At Ayers' trial, Sheridan Clark testified that he had been given probation in juvenile court for possession of a controlled substance and was convicted as an adult for delivery and possession of a controlled substance. While alcohol and drugs were present at Cassie's party, Clark denied drinking or smoking. When the party broke up around 11:30 p.m., Todd, a Boss Pimp, got into an argument with Billy, a Mickey Cobra. The Boss Pimps were aligned with the Gangster Disciples and against the Mickey Cobras. Clark and Page, both Mickey Cobras, left the apartment with several people, including Hoskins and Ayers whom Clark had known for one year. Clark then saw Hoskins, Ayers, Todd, and two others get into Todd's two-door Honda parked in front of the building. Hoskins sat behind the driver, Todd, and Ayers sat in the backseat on the passenger side. As Clark and Page walked home, Clark saw Todd's car pull away from the curb and heard someone throw a bottle at the car. Clark and Page turned to watch for approximately one minute, and Clark saw the passenger window open and Ayers, sitting in the backseat, lean his whole upper body out the window and fire a black .38-caliber gun approximately three times. Clark and Page were approximately four to five feet away from the car when Ayers fired. Clark testified that there was sufficient light from the light pole to see the car's occupants, but he admitted on cross-examination after viewing photographs of the scene that the alley was "pretty dark." After the first shot, Clark and Page ran down the alley and Page fell to the ground, bleeding. When the police arrived, Clark told them that Ayers was the shooter and stated that he saw Ayers lean out the window for approximately five seconds.

Dexter Johnson next testified that he was 12 years old at the time of the crime and currently incarcerated in a juvenile facility for violating his probation. In April 1997, he was a member of the Boss Pimps. Dexter drank champagne and smoked marijuana at the party, but denied that Hoskins showed him anything. When Cassie ended the party and told everyone to leave, Dexter, Ayers, Hoskins, Todd and Maurice left together and piled into Todd's car. Todd drove, Maurice was in the front passenger seat, Dexter sat in the backseat behind Todd, Hoskins sat in the middle of the backseat, while Ayers sat behind the passenger. While they entered the car, approximately 12 to 15 people congregated on the street. As the car drove away, someone threw a bottle at the passenger door. Dexter denied that anyone said anything inside the car after the bottle was thrown and denied seeing Ayers with a gun. Dexter also stated that he never told the police that Ayers asked Hoskins for a gun. Dexter then testified that a gun was fired out of Todd's car, but he did not see who did it.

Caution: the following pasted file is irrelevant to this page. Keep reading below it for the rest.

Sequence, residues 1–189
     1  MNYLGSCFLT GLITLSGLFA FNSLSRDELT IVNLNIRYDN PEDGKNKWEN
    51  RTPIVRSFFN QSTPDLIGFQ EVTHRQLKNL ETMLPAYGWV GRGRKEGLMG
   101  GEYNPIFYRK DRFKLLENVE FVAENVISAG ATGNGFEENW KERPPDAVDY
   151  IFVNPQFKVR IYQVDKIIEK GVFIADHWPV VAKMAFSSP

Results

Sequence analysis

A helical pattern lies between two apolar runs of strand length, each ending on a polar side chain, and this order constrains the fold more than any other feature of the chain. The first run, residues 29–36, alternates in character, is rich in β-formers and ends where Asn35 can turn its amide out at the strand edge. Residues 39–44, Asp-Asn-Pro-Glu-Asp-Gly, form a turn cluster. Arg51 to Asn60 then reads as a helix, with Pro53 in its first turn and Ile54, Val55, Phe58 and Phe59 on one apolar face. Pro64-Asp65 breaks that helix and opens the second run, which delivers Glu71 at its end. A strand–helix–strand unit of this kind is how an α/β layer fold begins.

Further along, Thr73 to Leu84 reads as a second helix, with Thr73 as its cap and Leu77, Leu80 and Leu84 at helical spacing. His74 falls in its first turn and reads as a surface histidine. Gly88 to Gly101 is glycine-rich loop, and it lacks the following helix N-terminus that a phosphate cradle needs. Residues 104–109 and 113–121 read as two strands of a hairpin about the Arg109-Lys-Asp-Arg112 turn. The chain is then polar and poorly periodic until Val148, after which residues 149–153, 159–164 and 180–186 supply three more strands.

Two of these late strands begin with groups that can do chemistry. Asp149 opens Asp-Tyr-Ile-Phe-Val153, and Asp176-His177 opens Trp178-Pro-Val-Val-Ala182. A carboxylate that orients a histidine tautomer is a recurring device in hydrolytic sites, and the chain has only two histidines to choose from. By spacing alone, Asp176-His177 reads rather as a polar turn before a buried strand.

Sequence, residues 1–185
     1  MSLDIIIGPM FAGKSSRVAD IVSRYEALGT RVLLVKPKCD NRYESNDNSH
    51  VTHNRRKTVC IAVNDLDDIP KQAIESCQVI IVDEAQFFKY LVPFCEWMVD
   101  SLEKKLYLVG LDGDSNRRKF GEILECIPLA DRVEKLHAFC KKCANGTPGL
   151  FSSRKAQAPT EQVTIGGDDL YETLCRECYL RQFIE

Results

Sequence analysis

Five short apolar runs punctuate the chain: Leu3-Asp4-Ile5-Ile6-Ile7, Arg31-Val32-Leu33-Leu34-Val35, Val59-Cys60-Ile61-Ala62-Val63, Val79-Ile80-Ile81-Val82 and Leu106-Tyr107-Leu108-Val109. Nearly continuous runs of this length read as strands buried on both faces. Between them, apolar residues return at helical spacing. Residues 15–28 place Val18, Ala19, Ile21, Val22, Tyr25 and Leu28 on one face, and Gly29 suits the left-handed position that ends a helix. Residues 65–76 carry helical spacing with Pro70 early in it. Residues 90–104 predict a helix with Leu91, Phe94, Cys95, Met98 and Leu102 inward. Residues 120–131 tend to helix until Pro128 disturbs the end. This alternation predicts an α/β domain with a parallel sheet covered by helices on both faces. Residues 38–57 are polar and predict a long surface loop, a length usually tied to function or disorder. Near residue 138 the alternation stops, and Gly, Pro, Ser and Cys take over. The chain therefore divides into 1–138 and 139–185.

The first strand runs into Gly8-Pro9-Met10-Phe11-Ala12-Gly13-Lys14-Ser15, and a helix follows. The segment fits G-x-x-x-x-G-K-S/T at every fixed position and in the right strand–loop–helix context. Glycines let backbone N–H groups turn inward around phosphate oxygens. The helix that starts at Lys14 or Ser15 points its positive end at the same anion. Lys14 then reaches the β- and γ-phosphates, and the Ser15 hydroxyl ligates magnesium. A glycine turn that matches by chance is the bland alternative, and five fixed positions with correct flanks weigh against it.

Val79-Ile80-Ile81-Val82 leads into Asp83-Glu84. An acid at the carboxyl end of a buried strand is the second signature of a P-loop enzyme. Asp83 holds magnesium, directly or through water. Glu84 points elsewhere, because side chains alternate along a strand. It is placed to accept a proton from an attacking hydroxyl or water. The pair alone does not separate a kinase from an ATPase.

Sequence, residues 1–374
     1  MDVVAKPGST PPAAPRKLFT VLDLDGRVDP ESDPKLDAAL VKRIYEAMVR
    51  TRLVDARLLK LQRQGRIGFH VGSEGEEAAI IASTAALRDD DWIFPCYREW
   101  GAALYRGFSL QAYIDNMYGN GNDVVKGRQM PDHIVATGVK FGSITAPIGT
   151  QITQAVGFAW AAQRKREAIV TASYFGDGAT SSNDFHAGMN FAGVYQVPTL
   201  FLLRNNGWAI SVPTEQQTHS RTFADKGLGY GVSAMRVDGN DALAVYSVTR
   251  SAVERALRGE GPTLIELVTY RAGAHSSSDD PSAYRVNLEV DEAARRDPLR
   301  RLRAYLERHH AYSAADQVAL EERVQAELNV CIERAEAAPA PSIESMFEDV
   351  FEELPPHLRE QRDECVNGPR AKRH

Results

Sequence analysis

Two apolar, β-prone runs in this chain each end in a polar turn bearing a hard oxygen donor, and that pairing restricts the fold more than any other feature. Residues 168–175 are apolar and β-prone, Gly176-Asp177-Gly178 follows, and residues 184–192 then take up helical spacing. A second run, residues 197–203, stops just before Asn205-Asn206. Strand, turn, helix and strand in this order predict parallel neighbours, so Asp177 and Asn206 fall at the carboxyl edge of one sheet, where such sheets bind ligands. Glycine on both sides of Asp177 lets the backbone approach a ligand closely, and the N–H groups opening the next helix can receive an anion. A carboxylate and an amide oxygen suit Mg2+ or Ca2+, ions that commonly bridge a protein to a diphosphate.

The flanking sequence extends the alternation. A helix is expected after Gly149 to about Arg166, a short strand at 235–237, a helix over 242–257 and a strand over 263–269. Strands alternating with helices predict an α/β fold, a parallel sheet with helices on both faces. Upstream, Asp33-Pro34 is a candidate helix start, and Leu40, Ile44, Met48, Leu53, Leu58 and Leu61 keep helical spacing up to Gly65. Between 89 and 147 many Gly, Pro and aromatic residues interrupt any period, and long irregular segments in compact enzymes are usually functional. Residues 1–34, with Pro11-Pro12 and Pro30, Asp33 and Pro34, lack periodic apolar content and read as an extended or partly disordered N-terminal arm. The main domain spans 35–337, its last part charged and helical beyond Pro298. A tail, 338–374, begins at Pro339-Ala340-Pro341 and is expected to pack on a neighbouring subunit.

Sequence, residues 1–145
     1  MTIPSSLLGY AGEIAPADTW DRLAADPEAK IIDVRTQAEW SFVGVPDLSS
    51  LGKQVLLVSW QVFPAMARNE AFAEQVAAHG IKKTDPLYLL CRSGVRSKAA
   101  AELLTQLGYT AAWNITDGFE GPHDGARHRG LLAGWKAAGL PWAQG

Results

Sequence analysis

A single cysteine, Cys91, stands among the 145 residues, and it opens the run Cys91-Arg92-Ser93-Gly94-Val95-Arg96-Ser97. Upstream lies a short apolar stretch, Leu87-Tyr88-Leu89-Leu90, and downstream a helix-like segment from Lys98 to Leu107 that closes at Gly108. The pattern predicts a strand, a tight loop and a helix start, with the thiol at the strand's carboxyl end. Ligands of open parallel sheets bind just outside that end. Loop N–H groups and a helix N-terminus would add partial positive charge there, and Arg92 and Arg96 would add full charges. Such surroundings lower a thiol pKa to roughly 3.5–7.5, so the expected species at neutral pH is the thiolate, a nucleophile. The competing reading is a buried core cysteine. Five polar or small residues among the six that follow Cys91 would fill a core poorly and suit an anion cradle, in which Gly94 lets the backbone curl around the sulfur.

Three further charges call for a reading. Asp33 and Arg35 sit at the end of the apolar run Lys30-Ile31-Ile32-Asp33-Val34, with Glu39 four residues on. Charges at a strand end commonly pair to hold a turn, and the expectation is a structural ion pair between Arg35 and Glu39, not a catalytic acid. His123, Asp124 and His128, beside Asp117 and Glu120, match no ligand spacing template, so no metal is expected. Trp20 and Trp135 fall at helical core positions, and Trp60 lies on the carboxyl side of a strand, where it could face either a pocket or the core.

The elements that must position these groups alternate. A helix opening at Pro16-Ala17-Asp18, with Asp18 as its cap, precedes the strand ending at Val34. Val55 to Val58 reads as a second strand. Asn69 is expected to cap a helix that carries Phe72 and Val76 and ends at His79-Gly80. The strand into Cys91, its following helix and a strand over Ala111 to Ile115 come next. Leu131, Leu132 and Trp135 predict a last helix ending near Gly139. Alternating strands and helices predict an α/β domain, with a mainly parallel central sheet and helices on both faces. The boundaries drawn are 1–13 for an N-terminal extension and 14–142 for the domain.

In his grand jury testimony, however, Dexter testified that Hoskins showed him his gun at the party. After the bottle hit the car, Ayers asked Hoskins for the gun and Hoskins took a revolver from his jacket and handed it to Ayers. Ayers then extended his hand out the window and shot twice. Dexter further testified that Ayers had the gun at his side while switching cars in the parking lot after the incident. In his statement, Dexter stated that Ayers fired the gun twice as Todd sped away. At trial, Dexter stated that he was coerced by the police and assistant State's Attorney when he testified before the grand jury. However, in his grand jury testimony, he stated that he was treated "okay" and "kindly" by the police and assistant State's Attorneys and was not threatened into making a statement. At trial, Dexter testified that when he gave that statement, he could not read. When Ayers' counsel spoke with Dexter in November 1998, Dexter said he was very intoxicated after the party and stated that he did not see Ayers shoot the gun.

Assistant State's Attorney Marci Jacobs testified that she asked Dexter before and during his grand jury testimony if he had been coerced and he denied it. Dexter also testified before the grand jury that he could read and write English. Assistant State's Attorney Paul Pavlus testified that he interviewed Dexter and prepared his statement with his grandfather present and stated that no one told Dexter what to say. Additionally, Dexter demonstrated his ability to read and write.